I’m one of the travelers whose travel plans were affected or cancelled as a result of COVID-19. The government is implementing strict stay-at-home orders and travel bans throughout the Philippines. Traveling for both business and pleasure is now unpredictable for the foreseeable future.
So, how do you get a travel refund during the COVID-19 pandemic? Here are a few tips.
1. Push Your Trip Back (even if you don’t know when).
Consider delaying your travel but not canceling it entirely if you know you’ll be flying or going to a place at some point in the future, even if you don’t know when.
In fact, that’s what most airlines are offering instead of reimbursements right now. You can postpone your flight indefinitely. The money paid is set aside for use at a later time.
This is what I did with my supposed March trip to Cappadocia and September trip to Iceland. Instead of canceling, I chose to have it rescheduled. Refunding a flight with some airlines may be a pain in the butt. However, it is not impossible if they, rather than you, cancelled the flight due to COVID-19.
2. Research Companies Impacting Your Travel
You might be able to get a refund from some companies (but not all). If you bought your trip through a third-party website such as Expedia or Hotwire.
However, it is possible that it may not provide a full refund for canceled travel for your accommodations. Expedia, Travelocity, and Orbitz are all providing full refunds to customers who booked hotels in specific countries. China, Hong Kong, Macau, South Korea, Israel, Marshall Islands, El Salvador, Denmark, Slovakia, Czech Republic, Oman, India, Poland, Cyprus, Ukraine, and Italy are among the countries included. More countries are added to the list on a regular basis.
3. Don’t Shy Away From discounts
What if the travel provider (hotel, airline, or tour operator) does not allow refunds? If that’s the case, you may be able to negotiate a discount. Some tour operators give this option, providing customers future credit to utilize on a future trip. Some are even crediting them for more than their original cost.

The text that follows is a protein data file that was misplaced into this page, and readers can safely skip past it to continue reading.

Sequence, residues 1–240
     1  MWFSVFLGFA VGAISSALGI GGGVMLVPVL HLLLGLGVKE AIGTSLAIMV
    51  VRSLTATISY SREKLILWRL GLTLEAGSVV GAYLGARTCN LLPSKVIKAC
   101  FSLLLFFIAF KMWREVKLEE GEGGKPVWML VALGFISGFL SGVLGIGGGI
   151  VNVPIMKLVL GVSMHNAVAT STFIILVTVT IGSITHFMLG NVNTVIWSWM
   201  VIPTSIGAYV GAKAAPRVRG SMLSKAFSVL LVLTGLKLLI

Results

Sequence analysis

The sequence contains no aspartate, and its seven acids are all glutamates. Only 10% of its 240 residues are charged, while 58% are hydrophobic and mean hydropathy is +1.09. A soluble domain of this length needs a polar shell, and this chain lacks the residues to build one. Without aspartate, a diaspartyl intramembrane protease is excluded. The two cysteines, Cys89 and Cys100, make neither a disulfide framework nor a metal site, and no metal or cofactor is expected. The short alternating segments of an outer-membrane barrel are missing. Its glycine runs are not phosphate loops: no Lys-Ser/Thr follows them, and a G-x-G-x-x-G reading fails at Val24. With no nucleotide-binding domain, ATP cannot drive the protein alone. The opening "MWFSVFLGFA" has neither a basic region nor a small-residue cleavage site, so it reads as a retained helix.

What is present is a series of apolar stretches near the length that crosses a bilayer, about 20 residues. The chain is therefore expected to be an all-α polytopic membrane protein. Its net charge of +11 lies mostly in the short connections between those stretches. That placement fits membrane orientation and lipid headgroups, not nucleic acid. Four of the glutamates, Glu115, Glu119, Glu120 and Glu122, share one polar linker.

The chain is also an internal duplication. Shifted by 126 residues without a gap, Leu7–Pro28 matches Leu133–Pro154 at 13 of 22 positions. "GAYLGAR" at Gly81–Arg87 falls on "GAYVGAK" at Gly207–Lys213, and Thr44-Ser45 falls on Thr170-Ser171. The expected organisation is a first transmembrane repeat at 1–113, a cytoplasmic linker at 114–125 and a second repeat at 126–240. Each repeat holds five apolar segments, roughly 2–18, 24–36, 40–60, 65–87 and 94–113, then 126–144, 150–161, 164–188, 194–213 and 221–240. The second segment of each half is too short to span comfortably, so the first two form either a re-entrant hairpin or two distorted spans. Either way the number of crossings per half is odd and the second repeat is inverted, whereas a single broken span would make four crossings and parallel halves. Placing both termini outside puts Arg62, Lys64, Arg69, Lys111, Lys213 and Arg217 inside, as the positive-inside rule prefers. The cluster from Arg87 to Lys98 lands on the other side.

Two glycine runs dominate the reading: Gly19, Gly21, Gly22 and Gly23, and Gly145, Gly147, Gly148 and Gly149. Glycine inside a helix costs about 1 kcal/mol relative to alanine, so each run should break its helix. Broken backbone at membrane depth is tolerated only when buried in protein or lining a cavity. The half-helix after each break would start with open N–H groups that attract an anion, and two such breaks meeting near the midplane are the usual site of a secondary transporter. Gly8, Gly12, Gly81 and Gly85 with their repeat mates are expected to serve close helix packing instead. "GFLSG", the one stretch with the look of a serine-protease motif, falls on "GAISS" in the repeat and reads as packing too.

4. Wait for a Bit Before Trying to Get A Refund
As the situation worsens, several travel companies are easing their restrictions on refunds. If your departure date is not imminent, you may find that waiting until closer to your departure date gives you a higher chance of getting a refund. Furthermore, due to COVID-19, the airline may cancel that flight or the hotel may close for a small period of time (fingers crossed). You’ll most certainly get a refund, even if you don’t ask for one.
5. Look Into Your Credit Card Benefits
It wouldn’t hurt to look into the insurance offered by the credit card you used to book your trip. Your travel credit card insurance may provide cancellation coverage.
- The level of service that you receive may vary depending on the customer support representative with whom you are talking. If your airline, hotel, or other travel provider is unhelpful, you can try again another time. Don’t be angry with the agent you’re speaking with because they’re also stressed out right now. You might try contacting the company using an online chat or speaking with someone else.
- Loyalty Status (if applicable): If you are a regular traveler on a particular airline, you may be able to get help by mentioning your loyalty status. You never know what it might get you. If not a full refund, a significant credit for future travel is better than nothing.